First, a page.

© Corinne Dubreuil/ATP Tour

Julian Knowle, Martin Klizan, Viktor Troicki, ATP Chairman Andrea Gaudenzi, Paolo Lorenzi and Steve Darcis pose at the Pala Alpitour in Turin.

Retirees Honoured At 2021 Nitto ATP Finals

Five players recognised in Turin ceremony

Five recent retirees — Steve Darcis, Martin Klizan, Julian Knowle, Paolo Lorenzi and Viktor Troicki — were honoured on Thursday at the Pala Alpitour during the Nitto ATP Finals.

ATP Chairman Andrea Gaudenzi presented each player with a frame celebrating their greatest accomplishments before they all later took to centre court for a special ceremony.

The last player who walked on the court, Lorenzi, is Italian. The 39-year-old, who retired following this year’s US Open, climbed as high as No. 33 in the FedEx ATP Rankings. Lorenzi made history in Kitzbühel in 2016 when as a 34-year-old he became the oldest first-time singles champion in ATP Tour history (since 1990).

“It’s unbelievable. I really missed the fans in New York, I played my last match without people,” Lorenzi told ATPTour.com. “To finish here in Italy with this ceremony is really important to me. I had time to say goodbye to everyone and I had the people close to me throughout my career. I will miss this and them a lot.”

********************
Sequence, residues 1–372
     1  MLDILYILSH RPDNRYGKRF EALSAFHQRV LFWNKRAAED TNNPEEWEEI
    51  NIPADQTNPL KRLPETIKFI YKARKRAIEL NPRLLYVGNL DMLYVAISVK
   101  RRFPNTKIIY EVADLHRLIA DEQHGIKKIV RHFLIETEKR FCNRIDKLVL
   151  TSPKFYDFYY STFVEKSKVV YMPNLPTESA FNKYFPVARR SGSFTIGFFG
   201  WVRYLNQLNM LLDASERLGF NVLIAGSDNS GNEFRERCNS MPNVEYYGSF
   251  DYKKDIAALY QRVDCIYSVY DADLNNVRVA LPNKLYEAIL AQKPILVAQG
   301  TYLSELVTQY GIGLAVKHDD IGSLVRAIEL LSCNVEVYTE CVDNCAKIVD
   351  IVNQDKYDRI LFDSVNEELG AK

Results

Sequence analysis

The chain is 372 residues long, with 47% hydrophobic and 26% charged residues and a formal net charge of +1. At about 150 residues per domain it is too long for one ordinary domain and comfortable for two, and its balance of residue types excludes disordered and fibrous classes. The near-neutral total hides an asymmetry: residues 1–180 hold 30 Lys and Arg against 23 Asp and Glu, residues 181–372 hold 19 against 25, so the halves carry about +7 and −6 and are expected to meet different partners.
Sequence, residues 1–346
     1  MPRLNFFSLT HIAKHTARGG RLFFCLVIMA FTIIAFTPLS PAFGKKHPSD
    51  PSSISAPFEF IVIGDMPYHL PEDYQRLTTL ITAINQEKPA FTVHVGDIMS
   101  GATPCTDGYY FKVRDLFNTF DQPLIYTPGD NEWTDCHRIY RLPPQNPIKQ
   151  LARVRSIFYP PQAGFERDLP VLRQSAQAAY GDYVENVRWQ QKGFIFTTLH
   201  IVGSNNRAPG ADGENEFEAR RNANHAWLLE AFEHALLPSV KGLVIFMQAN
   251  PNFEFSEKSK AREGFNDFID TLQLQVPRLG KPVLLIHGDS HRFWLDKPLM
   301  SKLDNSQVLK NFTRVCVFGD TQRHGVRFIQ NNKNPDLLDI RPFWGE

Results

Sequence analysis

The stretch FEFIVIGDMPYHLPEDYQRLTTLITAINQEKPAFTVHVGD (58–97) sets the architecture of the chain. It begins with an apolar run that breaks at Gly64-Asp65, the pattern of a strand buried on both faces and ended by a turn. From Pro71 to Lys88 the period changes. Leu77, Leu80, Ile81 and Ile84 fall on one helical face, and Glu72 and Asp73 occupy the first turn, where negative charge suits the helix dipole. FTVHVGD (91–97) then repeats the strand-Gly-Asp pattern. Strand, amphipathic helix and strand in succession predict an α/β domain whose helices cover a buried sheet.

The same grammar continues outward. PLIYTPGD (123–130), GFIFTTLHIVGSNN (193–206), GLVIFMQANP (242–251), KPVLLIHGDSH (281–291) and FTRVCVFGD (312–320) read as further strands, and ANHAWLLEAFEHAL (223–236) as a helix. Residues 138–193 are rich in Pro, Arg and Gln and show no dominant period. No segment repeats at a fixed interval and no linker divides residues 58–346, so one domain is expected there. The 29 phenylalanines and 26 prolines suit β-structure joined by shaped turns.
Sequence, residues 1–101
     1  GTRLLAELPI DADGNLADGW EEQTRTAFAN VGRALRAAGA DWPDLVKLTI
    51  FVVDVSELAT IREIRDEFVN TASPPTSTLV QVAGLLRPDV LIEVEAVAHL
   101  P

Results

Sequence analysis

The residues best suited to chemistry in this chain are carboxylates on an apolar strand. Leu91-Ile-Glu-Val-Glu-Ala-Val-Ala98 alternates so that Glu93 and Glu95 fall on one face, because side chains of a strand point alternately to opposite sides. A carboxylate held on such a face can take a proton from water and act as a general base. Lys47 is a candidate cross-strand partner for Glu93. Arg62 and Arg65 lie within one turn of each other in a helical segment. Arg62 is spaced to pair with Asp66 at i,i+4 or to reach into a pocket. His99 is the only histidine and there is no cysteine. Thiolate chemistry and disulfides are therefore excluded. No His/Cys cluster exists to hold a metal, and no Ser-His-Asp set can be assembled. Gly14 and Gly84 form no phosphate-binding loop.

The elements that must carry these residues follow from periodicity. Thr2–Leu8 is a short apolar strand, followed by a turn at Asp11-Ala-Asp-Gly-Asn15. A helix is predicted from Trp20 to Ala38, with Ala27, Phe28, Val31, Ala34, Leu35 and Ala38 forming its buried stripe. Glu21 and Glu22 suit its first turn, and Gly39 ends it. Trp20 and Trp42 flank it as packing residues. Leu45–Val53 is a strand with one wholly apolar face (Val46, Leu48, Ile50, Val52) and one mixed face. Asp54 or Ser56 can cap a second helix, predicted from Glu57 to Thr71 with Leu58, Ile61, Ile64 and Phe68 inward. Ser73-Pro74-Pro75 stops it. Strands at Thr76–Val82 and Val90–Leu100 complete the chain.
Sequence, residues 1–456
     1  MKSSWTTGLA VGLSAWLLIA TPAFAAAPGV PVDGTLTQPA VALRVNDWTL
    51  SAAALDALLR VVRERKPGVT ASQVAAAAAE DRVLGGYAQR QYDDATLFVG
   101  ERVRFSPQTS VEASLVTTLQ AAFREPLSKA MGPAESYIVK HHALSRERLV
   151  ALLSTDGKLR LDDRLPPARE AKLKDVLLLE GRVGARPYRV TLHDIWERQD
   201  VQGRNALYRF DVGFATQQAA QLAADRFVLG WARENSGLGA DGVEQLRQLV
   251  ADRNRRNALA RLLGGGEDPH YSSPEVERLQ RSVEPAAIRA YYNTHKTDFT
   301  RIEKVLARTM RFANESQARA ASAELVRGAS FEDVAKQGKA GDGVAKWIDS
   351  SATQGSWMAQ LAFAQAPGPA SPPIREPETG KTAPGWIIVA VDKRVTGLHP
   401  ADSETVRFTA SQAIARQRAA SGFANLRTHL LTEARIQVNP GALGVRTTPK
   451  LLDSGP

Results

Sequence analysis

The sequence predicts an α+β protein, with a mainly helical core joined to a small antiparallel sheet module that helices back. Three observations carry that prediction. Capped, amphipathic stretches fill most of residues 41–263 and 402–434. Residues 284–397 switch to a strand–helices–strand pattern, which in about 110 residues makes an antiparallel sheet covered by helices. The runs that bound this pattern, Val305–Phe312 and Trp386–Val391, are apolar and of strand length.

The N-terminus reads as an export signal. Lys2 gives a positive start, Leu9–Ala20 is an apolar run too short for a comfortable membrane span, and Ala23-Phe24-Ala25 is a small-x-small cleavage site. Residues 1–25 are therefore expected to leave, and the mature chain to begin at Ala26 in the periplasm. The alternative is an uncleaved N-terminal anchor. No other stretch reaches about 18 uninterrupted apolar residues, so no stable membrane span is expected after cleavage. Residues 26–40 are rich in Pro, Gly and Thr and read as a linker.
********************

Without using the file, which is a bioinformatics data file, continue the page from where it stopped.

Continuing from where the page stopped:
The highest-ranked singles player of the group was former World No. 12 Viktor Troicki. The Serbian won three tour-level singles titles in his career, including back-to-back triumphs in Sydney in 2015 and 2016.

Retirees in Turin
Photo Credit: Corinne Dubreuil/ATP Tour
Former World No. 24 Martin Klizan, who completed his career at Wimbledon this year, won six ATP Tour titles. His biggest triumph came in 2016 at Rotterdam, where he earned four of his five wins in three sets.

Belgian Steve Darcis, known for his creative game, reached World No. 38. When he was 33, Darcis became the third-oldest player to debut in Top 40 since 1975. He also claimed the first tour-level victories of his career en route to lifting the trophy at Amersfoort in 2007. Fans also remember his big win against Rafael Nadal in the first round of Wimbledon in 2013.

“I will take the two Davis Cup finals, the two titles I won in Amersfoort and Memphis and also my win against Nadal, because everybody is talking about this. I will take these with me and never forget those moments.”

The doubles player in the group was former World No. 6 Julian Knowle, who was already in Turin this week coaching doubles competitors Kevin Krawietz and Horia Tecau. The Austrian lifted 19 tour-level titles, including a major victory at the 2007 US Open alongside Simon Aspelin.

“First of all, a big thanks to the ATP for having me and putting me one more time on the big stage. It was a very nice feeling. Nothing to regret about my career. It was emotional when they told me about this retirement [ceremony] for the players,” Knowle said. “It was not always easy, but at the end it worked out pretty well and I have no regrets.”